Aug 14, 2013 Tia rated it liked it  ·  review of another edition
I read this for my local bookclub.

This book was a bit of a struggle for me to get through. I had not read the previous books so that may have been part of the problem. However, I was inclined to skip over paragraphs just to get through the whole book.

I feel the book was very plot centered and lacked intriguing characters that I REALLY cared about.

Jul 28, 2016 Elaine rated it liked it  ·  review of another edition
I thought the descriptions of sounds and scenes and people were a bit much at first but then I realized how important they were to the story and I was hooked. It was quite interesting to learn more about the American Indian Movement, too. This book does not contain sex scenes or cursing. The violence is descriptive but not graphic. It is suitable for young adults, maybe even pre-teens.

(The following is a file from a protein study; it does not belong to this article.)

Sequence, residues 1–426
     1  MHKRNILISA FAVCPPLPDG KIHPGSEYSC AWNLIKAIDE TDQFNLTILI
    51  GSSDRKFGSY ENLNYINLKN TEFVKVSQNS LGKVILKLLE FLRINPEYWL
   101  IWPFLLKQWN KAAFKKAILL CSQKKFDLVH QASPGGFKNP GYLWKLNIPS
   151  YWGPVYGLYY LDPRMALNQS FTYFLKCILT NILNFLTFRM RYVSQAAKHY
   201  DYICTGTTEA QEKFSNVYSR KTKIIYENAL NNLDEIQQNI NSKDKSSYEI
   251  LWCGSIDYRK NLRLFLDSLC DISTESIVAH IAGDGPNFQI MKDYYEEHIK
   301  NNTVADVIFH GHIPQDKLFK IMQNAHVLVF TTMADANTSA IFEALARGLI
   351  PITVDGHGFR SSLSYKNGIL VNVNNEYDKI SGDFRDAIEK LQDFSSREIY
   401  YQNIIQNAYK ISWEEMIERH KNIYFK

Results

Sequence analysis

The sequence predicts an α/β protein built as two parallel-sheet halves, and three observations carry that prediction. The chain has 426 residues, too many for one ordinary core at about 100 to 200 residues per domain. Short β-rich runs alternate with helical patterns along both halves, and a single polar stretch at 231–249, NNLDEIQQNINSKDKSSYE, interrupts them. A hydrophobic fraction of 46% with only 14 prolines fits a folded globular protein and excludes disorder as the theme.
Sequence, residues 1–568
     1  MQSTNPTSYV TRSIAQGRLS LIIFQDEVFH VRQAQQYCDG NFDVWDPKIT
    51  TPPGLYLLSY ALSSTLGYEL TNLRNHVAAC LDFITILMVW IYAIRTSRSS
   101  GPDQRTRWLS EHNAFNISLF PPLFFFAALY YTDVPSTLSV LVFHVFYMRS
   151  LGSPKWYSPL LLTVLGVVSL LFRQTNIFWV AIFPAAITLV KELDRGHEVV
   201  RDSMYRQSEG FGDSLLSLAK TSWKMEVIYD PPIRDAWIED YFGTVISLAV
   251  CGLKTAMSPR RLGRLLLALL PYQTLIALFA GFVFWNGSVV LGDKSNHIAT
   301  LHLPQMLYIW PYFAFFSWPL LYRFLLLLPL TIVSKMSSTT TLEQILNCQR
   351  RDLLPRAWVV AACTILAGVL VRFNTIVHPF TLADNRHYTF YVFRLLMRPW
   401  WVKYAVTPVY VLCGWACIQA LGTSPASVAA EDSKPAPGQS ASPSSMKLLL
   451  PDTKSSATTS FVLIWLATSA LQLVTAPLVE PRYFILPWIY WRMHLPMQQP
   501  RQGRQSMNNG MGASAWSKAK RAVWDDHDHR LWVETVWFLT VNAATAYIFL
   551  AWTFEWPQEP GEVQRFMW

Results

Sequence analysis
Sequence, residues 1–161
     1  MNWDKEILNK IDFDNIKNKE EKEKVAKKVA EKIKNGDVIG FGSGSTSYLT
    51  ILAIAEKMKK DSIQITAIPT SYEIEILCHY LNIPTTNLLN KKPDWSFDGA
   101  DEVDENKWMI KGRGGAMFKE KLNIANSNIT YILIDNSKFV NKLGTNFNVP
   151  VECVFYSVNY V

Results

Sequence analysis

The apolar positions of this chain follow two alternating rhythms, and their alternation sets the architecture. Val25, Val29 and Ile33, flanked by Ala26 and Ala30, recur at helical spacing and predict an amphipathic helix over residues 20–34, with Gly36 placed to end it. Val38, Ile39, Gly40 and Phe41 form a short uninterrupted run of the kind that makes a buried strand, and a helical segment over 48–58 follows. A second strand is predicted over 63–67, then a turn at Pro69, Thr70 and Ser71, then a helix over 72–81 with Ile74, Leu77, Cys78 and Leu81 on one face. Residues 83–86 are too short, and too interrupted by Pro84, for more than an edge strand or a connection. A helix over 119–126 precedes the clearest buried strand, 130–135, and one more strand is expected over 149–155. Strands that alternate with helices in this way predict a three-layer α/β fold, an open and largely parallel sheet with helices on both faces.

May 13, 2010 Betty410 rated it it was ok  ·  review of another edition
Maybe I'm getting tired of this series and the characters involved. But, also, the author seemingly needed to fill the pages and the repitition of discriptions of the same scenery was tiresome.
The basic idea of the search for the murderer of a skeleton from 30 years ago involving the Ameican Indian Movement and the FBI wanting to end the actions of the movement was interesting history.
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Margaret Coel is the New York Times bestselling, award-winning author of the acclaimed novels featuring Father John O'Malley and Vicky Holden, as well as several works of nonfiction. Originally a historian by trade, she is considered an expert on the Arapaho Indians.
More about Margaret Coel...

Other Books in the Series

Wind River Reservation (1 - 10 of 21 books)
  • The Eagle Catcher (Wind River Reservation, #1)
  • The Ghost Walker (Wind River Reservation, #2)
  • The Dream Stalker (Wind River Reservation, #3)
  • The Story Teller (Wind River Reservation, #4)
  • The Lost Bird (Wind River Reservation, #5)
  • The Spirit Woman (Wind River Reservation, #6)
  • The Thunder Keeper (Wind River Reservation, #7)
  • The Shadow Dancer (Wind River Reservation, #8)
  • Killing Raven (Wind River Reservation, #9)
  • Wife of Moon (Wind River Reservation, #10)